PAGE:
The future of commerce is so close

A couple of months ago Apple Pay was finally enabled for my bank account and credit card, which meant I was finally able to pay for things by either placing my phone on the card reader, or by bashing my watch against it instead.

I look forward to a day when I can leave the house with nothing in my pockets – my watch will have a cellular radio and be capable of keeping me in contact with the people that matter, so too will it allow me to unlock my car/house, in addition to letting me pay for things. While the first two in that list might be a few years away (decades at the rate I upgrade cars), my watch can actually make payments today, how cool is that?

The reality is somewhat less cool. The problem is the payment limit. Since Apple Pay uses the existing 'Contactless' payment systems, it's also hampered by the same £20 limit. While this limit makes sense with a contactless debit card (there is zero authentication), both the Apple Watch and iPhone are secure; the iPhone asks for your fingerprint, and the watch asks for a PIN when you first put it on, as long as it says in contact with your wrist it is authorised for Apple Pay.

This authentication is also a hindrance – why would I fiddle about trying to get my phone to detect my fingerprint (while everyone in the queue is staring at me) or roll three layers of sleeve up to try and get my watch to be recognised when I can whip out my wallet and tap my debit card? The key point is that I still have to have my wallet on me in case the shop in question doesn't support contactless, or the amount comes to over £20. Don't get me wrong, Apple Pay is much better than entering a PIN, it's just not as fast as tapping your card.

So what needs to happen? I'd like to see the limit raise for Apple Pay purchases to something more reasonable, most cash machines allow you to take out £300 in a day, so why not the same for an arguably more secure system such as Apple Pay, while keeping existing contactless limits where they are of course

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Is it time to stop assuming users have Flash installed?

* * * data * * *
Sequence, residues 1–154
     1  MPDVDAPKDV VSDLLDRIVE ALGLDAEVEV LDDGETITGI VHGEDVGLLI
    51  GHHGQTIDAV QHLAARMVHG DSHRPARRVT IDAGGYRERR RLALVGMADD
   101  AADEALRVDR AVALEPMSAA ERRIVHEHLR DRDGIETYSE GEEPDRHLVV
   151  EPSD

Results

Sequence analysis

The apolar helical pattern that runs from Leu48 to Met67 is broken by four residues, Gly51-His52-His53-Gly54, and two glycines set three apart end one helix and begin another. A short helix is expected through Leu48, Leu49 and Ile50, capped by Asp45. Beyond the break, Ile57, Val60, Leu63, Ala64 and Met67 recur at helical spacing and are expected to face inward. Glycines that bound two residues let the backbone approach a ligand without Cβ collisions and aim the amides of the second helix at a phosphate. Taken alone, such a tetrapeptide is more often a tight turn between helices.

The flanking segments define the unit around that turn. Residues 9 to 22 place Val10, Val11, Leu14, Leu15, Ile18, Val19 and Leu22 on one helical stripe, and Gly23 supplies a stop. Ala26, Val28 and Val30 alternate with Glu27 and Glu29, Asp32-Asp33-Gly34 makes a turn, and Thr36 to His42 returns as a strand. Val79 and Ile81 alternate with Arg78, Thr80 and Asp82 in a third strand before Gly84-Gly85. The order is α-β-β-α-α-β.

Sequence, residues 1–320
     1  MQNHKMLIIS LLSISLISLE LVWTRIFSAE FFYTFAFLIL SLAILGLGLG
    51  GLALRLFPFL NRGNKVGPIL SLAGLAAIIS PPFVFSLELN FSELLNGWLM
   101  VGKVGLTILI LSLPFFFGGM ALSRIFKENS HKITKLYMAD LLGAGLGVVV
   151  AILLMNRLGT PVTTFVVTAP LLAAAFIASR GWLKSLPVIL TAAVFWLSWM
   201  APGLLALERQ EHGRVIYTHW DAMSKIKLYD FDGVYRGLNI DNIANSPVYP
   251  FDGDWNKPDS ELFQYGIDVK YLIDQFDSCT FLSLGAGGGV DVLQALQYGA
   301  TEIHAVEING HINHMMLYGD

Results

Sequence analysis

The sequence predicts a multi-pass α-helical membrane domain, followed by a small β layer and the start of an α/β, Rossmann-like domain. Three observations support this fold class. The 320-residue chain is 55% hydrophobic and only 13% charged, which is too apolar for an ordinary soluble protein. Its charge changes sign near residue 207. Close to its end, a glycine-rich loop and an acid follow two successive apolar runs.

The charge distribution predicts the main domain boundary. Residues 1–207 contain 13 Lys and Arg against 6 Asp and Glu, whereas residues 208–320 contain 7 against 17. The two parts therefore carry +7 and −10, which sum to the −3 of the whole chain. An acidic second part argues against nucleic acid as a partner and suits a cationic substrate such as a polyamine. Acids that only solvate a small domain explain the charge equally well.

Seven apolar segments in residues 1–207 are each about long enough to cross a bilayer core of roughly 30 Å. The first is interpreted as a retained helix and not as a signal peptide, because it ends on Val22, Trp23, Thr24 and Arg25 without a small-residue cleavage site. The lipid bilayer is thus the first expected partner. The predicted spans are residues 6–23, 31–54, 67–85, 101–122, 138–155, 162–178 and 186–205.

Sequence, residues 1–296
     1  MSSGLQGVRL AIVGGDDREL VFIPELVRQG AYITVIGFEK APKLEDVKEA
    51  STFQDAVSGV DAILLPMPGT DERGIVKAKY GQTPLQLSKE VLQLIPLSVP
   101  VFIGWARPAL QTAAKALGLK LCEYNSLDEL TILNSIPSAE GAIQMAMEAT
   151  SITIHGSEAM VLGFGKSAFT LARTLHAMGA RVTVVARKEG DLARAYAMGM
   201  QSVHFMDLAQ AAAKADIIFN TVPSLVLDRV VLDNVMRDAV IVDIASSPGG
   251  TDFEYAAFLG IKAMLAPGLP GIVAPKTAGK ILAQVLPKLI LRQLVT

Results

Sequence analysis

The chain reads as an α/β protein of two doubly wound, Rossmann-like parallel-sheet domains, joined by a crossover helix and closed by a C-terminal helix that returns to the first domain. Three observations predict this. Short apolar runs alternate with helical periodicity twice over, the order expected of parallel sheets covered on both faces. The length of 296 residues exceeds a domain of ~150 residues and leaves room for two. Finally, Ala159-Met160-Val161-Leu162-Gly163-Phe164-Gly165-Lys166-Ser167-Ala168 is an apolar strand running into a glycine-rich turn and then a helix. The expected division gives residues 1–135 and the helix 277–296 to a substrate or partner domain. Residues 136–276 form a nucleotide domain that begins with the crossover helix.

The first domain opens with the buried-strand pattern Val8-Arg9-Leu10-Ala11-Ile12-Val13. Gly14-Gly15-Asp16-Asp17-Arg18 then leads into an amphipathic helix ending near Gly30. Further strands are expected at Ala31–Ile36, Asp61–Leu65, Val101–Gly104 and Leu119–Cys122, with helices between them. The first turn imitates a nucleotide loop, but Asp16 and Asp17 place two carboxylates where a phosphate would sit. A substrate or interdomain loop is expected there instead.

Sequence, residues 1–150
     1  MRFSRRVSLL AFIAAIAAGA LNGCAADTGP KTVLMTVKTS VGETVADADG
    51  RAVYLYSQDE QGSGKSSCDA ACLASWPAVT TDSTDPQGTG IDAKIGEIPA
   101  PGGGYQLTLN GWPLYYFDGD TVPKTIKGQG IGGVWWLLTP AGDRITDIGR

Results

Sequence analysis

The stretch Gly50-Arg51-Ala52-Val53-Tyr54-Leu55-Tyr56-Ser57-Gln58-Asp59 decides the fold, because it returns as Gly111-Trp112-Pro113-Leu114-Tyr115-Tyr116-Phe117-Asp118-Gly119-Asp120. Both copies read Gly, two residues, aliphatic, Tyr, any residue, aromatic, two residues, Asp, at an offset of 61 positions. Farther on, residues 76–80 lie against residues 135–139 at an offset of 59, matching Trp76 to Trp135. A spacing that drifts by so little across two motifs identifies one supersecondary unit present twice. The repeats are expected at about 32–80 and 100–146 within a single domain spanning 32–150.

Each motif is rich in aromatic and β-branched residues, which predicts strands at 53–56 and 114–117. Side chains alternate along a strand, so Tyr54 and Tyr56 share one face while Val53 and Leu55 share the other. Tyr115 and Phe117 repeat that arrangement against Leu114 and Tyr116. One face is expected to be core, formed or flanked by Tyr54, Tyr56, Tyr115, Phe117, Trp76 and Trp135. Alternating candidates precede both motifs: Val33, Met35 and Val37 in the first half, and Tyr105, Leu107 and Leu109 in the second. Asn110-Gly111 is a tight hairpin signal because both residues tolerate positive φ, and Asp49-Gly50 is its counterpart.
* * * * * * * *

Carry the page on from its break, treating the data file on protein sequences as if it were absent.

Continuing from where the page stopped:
Remember when the iPad first came out in 2010, and the first thing everybody said was it was doomed because it didn’t have Flash? Well, it turns out most web site owners were able to accommodate this requirement, and these days even Android tablets and phones lack the once ubiquitous browser plugin. Yet, if you’ve ever browsed the web on an iOS device or an Android device (the chances are you have) you’ll know that in the vast majority of cases, everything has continued to work as normal. Staples of the Internet from BBC News to YouTube keep on working – when it comes to video at least (if you want to run Farmville sans plugin then you’re out of luck).

So when setting up my MacBook with a clean installation of OS X 10.9, I decided to see if it was possible to live without Flash. My guess was it would be, and why not? One less thing installed on your system means a reduced attack surface for malware, fewer processes running and hence better longer life, and in my experience, fewer browser hangs. I was wrong however – instead of using “feature detection” (as good web developers should) to determine whether the browser supports the Flash alternative to video, “HTML5 Video”– it seems the vast majority of sites employ user agent sniffing and will only show you the non-Flash version if you’re on a known mobile device. I kept on being asked to install Flash, even though my iPad works just fine without it. User agent sniffing is the reason why sites designed for IE6 will ask you to “upgrade” if you visit in IE11 –I can forgive any web developer working back when IE6 came out in 2001 for following what was then a standard industry practice, but User Agent Sniffing is now generally considered outdated, so why are so many sites still doing it when it comes to playing video?

App Centric Old Fashioned?

So the in thing these days is for tech pundits to declare that an app centric ecosystem is old fashioned, and that what people really want is a people centric ecosystem; witness Facebook Home, and Windows Phone 8 before it.

That's all well and good, but do app developers want their brand to be muffled into another system? I think most developers like having their icon on the home screen, like being able to design their app as they see fit, and wouldn't be happy if the operating system simply surfaced their content as part of a people centric approach.

Ecosystems are nothing without the support of developers and big brand apps. Everyone wants their cut of the 'mind share' pie.